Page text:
|At the start|
But the run was a great chance to test the theory (my theory anyway) that high intensity training and mental constitution can get you through just about anything - so around noon we headed off through the first cattle gate across the open prairie.
|Grant, on the trail....|
The first 16 miles was mostly flat. We managed it in almost exactly two hours, even including stopping to open the dozens of cattle gates and to take our two minute 'walk, eat, and drink' sessions every 45 minutes. About 90 minutes in i felt the blister that had been forming on my right pinky toe (that always forms) pop and drain blood and fluid into the toe box of my new socks. It hurt for a while as i limped on but i tried to distract myself with the new and worrying tightness in my left achilles.
Miraculously, over the course of the next few miles the blister pain normalized - it was still there but remained manageable - and the achilles stopped nagging me altogether.
|Me during what were the toughest four miles mentally speaking.|
None-the-less, by 18 mile mark the fatigue hit us both like a brick wall. We'd left the flat open prairie and were into the sand-hills area - gentle rolling hills for miles and miles. It was at this point that Grant informed me that the trail was actually longer than the 28 miles it mentions on the website on the area. In fact, he assured me that we'd see the 26 mile mark about half a mile or so before hitting the one creek we crossed, which was exactly 4 miles from the end.
As silly as it sounds, the thought of going an extra couple of miles just killed my motivation. So i changed gears. I told Grant we were going to go 4 miles at a time - small chunks of mileage - rather than 45 minutes, which now seemed daunting. Miles 18-22 were the worst - maybe because they marked some sort of a hump in which we passed our half way time and also were forced to slow down into a more manageable pace than the one which we'd held up till then.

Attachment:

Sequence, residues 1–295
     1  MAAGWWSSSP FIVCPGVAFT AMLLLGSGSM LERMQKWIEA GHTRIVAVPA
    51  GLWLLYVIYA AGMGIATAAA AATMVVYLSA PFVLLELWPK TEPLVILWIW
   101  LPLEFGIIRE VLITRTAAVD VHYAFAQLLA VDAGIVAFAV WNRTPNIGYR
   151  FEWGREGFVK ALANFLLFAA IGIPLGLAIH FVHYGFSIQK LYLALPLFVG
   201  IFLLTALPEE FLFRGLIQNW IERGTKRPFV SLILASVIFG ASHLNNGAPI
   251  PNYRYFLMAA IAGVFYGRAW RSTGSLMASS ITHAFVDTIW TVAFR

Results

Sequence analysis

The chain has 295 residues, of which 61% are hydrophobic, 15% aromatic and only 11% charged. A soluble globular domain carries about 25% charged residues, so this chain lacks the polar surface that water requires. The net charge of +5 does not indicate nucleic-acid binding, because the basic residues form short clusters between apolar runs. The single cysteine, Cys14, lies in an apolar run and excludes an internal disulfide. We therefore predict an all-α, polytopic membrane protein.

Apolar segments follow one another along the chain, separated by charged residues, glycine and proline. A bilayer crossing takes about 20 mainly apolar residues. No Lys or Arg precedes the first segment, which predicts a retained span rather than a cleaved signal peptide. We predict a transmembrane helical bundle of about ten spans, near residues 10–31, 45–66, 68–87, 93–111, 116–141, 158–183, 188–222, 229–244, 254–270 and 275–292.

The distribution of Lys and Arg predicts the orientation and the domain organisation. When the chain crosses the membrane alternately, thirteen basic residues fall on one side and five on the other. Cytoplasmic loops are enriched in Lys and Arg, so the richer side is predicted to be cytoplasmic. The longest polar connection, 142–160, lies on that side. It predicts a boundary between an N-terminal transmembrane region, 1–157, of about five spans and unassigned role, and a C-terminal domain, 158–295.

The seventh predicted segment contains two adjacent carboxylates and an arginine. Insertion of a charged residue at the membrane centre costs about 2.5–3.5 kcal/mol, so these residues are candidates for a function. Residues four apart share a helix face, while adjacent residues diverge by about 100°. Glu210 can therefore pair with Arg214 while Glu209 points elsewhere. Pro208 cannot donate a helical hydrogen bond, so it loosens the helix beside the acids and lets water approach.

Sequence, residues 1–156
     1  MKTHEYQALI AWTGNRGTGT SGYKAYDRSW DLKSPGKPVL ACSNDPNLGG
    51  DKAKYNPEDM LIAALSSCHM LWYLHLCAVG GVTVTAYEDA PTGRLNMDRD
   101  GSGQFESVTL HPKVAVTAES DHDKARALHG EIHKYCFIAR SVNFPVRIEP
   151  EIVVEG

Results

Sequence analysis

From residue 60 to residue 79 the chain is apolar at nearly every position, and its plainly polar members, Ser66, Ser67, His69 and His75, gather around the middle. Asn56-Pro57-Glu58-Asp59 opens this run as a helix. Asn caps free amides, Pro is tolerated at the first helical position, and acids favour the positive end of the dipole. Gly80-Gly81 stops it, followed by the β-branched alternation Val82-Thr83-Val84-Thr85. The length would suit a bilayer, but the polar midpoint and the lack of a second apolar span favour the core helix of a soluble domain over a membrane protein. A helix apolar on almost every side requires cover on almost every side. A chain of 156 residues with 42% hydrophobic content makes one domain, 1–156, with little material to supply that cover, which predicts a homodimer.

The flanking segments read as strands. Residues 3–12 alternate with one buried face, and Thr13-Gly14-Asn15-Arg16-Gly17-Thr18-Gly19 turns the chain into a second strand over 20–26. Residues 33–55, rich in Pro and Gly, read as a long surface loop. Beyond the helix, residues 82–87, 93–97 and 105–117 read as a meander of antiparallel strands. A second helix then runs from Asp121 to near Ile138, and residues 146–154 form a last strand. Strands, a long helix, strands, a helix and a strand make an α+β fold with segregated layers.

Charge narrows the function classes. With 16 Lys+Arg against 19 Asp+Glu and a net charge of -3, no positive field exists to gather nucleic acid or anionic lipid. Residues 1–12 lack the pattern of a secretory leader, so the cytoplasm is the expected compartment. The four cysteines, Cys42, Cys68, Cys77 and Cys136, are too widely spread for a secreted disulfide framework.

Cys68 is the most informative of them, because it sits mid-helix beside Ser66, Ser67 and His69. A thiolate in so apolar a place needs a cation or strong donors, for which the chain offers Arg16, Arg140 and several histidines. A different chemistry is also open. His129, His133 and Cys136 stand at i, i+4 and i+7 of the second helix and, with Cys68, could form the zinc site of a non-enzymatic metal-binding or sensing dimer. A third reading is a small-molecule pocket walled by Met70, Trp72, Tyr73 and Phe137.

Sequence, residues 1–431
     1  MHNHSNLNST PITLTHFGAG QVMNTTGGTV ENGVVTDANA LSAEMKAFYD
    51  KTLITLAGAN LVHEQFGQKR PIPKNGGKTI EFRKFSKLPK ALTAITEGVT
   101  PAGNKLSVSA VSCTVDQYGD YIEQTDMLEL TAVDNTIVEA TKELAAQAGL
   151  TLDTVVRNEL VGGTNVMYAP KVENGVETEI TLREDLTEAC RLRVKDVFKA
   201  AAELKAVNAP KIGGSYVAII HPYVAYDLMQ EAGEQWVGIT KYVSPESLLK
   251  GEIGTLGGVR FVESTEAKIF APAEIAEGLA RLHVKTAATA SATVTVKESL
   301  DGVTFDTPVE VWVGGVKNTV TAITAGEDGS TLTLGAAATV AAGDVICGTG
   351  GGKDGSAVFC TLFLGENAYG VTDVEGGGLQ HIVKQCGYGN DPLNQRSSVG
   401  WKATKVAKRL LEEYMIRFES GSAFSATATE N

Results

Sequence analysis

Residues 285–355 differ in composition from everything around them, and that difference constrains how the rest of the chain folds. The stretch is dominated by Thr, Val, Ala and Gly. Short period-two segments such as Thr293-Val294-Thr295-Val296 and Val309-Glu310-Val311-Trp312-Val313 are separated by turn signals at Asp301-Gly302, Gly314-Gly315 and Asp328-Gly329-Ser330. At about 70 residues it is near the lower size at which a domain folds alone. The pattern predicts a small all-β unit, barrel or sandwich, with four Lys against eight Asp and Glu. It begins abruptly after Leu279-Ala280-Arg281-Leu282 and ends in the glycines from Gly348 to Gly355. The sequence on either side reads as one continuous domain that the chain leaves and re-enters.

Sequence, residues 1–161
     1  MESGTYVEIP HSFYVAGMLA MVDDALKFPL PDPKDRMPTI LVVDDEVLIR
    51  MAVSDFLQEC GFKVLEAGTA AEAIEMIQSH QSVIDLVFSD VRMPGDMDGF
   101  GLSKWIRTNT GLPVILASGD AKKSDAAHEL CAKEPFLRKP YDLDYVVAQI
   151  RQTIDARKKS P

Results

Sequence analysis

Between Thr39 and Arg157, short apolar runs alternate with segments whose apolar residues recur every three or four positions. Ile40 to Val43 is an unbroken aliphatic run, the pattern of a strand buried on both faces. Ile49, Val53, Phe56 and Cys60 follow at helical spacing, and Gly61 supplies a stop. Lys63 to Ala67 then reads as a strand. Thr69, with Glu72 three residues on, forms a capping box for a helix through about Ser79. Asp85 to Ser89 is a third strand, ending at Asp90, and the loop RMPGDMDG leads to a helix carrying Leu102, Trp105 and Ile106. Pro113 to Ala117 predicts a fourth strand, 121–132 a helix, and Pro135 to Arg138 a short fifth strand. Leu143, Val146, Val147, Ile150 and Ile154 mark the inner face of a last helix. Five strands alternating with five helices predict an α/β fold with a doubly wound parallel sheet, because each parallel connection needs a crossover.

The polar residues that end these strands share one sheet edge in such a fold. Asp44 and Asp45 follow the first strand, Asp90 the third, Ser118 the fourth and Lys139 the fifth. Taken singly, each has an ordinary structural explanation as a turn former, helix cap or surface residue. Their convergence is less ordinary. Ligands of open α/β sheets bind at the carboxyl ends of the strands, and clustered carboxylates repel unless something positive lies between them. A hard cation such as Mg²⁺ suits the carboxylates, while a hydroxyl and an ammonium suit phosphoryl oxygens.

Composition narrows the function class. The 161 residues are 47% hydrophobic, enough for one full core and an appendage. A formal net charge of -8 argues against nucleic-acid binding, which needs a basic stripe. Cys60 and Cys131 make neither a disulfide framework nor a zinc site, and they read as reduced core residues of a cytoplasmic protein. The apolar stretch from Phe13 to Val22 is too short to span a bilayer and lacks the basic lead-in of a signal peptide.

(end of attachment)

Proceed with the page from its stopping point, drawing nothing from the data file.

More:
Mile 22 to 26 were much easier. 26 became the finish line of the 'marathon' and we reached it roughly 3:36 minutes after finishing. Between the walking up the "hills" - now defined as anything with a greater than maybe 2-3% grade - and the more frequent stops to take a few sips of water out of the bladder on Grant's pack, we were barely holding a 10 min per mile pace. So be it.
|the final time|
The trail crossed the road and roughly paralleled it for a final 1/2 mile. We could have jumped on the road and limped to the car, but predictably just knowing the end was in sight gave us a second wind and we ran the last short section with a speed and lightness that had completely escaped us for the last two hours.
It was great to be done. It was even greater to stop in Fargo on my way back to Grand Forks and be treated to an awesome meal by Grant's in-laws. It was a great start to the best part about doing stuff like this - the half a dozen days following where the appetite is bottomless. Yummm....
|happy to be done...|